Movies about the day to day realities of working people are few and far between. In an industry that is inundated with comic book movies, and sequels, it takes a lot for such a film to stand out.
Fortunately, Sorry to Bother You stands out in various ways. Starring Lakeith Stanfield as Cassius Green, we see a young man working to make headway as a telemarketer. Directed by Boots Riley, who is from the Oakland based rap group The Coup, this film offers a different take on what the world of work means for Black people.
Cassius struggles initially, netting no customers. It’s only through the suggestion of one of his co-workers that he adjust by using his “white voice” that things begin to turn around for him.
Sounds pretty straightforward, right? All is well, until conditions at the company compel many working there to organize for better wages. Now Cassius finds himself in a quandary: does he concern himself with his own come up, or stay in the fight with his fellow workers?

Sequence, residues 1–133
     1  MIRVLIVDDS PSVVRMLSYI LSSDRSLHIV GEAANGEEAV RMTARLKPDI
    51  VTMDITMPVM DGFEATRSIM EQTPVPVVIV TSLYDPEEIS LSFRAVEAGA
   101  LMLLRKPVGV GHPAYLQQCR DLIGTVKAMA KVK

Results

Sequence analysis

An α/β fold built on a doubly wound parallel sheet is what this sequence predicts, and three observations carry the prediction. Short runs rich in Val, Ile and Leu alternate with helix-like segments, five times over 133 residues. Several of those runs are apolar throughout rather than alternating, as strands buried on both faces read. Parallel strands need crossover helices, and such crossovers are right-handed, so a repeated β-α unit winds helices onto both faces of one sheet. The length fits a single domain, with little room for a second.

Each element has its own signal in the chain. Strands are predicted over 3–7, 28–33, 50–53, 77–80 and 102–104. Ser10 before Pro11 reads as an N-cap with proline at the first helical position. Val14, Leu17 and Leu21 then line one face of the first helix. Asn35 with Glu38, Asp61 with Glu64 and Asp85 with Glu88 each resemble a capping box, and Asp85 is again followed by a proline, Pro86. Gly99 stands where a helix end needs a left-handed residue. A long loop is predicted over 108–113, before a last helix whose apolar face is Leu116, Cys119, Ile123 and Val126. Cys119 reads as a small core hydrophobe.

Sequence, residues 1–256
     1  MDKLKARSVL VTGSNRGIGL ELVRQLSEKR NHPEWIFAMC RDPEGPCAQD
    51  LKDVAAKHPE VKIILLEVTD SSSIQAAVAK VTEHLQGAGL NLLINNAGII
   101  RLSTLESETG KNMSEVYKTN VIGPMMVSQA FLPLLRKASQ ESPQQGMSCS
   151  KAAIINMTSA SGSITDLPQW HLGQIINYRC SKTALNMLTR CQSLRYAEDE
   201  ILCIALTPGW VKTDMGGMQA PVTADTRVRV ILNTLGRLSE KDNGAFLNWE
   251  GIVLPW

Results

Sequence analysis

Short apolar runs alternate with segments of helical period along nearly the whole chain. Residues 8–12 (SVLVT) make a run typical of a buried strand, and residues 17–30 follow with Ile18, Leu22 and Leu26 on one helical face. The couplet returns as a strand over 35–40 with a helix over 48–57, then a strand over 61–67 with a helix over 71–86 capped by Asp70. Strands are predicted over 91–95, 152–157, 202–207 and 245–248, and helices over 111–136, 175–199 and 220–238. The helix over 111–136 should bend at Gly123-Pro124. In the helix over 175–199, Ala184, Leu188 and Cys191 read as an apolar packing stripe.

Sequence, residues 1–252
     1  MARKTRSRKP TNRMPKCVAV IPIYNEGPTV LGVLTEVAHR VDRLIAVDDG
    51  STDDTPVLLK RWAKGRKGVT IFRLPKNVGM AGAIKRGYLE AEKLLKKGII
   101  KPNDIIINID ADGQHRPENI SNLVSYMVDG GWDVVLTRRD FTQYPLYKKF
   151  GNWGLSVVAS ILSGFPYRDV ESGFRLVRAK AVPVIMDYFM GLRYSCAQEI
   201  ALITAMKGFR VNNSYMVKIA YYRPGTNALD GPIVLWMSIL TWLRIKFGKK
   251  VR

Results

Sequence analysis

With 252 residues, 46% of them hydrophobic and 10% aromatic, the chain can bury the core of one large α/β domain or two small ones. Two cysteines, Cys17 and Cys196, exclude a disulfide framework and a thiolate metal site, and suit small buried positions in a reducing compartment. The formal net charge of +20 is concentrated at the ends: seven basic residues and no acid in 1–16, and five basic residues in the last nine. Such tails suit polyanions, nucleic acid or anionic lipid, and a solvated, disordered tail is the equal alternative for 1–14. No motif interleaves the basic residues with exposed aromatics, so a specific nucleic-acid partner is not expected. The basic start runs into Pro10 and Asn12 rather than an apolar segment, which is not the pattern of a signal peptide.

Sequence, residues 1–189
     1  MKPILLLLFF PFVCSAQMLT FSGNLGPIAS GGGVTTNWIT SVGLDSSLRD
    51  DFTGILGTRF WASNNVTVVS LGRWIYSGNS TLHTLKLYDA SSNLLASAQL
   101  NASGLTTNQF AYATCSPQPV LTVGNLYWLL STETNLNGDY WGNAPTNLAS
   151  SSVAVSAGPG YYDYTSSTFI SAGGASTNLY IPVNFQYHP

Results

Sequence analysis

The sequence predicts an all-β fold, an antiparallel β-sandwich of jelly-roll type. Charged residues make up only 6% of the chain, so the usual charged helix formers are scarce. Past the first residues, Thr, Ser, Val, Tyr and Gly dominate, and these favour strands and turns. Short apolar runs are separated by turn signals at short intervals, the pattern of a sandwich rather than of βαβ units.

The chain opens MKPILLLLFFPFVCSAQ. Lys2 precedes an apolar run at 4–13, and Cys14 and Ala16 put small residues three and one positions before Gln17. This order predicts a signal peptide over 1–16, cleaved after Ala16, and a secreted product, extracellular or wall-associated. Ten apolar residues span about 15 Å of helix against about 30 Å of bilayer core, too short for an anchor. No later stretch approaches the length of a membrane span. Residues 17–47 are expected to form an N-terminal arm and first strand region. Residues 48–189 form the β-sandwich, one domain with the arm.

Encouraged by his desire to see his life conditions change for the better, he decides to move forward. In embracing doing what he had to do, he typifies the refrain of “Get your money, Black man” from Childish Gambino’s “This is America” We see that Cassius follows the individualistic road, but at a great cost.
Sorry to Bother You is a commentary on the conflict that can arise within a person when it comes to the approach of “going for self” vs. collective struggle. It deals a lot with the reality of Toxic Ambition, a concept that has recently been explored by Antonio Moore of Tone Talks.
“Sorry to Bother You” is a trip of a film. A lot of messages about integrity and what it means to sell out. It shows how enticing the trappings of prestige are and the desire of people to avoid undue suffering can distort ones ethics.
Touching upon issues of wage slavery, racism, and poverty in a memorable and pointed way is no small feat. Boots Riley pulls it off here, showing his worldview and the reality of so many of us at the same time.
Sorry to Bother You gets weird as hell with The Island of Dr. Moreau twist towards the end of the film. You’ll understand what I mean when you see it. It took away a bit from the film plot and made it absurd. But, in a way, it’s a commentary on the monstrosities that are created by our capitalistic society.
This is a film I recommend seeing. It’s perfect for a discussion group.